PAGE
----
Time Being Of The Essence
What happens when a purchase and sale contract stipulates
a closing date or settlement date or final sale date or transfer
date for, say, June 15, and June 15 comes and goes without a
closing? Perhaps the sellers' new plans are not completed, perhaps
the buyers' financing commitment hasn't come through.
Is the deal dead?
The date set in the contract is usually just a target date.
The contract is still in effect after June 15. The only exception
would be if the original contract contained the powerful legal
phrase "time being of the essence". It usually doesn't.
Instead, brokers, attorneys and closing agents will work together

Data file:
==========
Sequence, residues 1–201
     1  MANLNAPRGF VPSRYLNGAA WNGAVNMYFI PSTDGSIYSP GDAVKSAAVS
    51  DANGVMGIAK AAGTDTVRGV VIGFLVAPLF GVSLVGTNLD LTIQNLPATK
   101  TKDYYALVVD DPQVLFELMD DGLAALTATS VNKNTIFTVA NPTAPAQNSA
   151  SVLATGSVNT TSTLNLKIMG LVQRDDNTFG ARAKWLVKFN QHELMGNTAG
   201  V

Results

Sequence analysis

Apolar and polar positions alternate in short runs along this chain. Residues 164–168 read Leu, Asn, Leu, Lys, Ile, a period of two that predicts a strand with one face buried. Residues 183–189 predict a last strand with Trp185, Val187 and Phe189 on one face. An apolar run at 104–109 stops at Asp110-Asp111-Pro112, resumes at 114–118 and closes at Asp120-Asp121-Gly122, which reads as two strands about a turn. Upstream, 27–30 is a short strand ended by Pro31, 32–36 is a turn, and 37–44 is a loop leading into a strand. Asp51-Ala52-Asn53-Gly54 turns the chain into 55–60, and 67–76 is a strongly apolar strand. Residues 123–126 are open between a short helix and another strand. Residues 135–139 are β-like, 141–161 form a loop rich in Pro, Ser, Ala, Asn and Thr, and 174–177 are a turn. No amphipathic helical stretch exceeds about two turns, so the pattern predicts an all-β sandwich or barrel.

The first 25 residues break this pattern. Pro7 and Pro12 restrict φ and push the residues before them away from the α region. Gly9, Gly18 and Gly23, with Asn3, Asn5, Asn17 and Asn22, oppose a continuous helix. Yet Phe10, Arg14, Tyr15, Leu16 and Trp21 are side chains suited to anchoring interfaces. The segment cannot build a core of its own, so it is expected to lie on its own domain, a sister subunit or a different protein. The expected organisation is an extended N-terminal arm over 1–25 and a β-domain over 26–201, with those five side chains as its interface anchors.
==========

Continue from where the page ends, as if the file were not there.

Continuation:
to mediate between buyers and sellers, trying to dovetail the
needs of both parties. Happens all the time, and the matter usually
works out to everyone's satisfaction -- more or less.
But what if one party absolutely must close by June 15?
In that case, the closing date can be made an essential part
of the contract, even weeks after it was first signed. The buyer's
lawyer, eager to bring things to a head, may send a letter to
the seller, saying "We are making time of the essence, we
will be there at the closing June 15 at 10 a m with a certified
check, you'd better show up ready to give us possession."
Or the sellers' attorney may notify the buyer that the sellers
are ready to fulfill their part of the contract at a certain
place, date and time.
The phrase is not usually included in business sales contracts,
because it can have unpleasant consequences like voiding of the
contract, lawsuits for damages or specific performance.
It is strong legal medicine, and should never be resorted
to without an attorney's guidance. It means "be there ready
to complete the deal or else!"
"Or else what?" you might ask.
"Ask your lawyer! "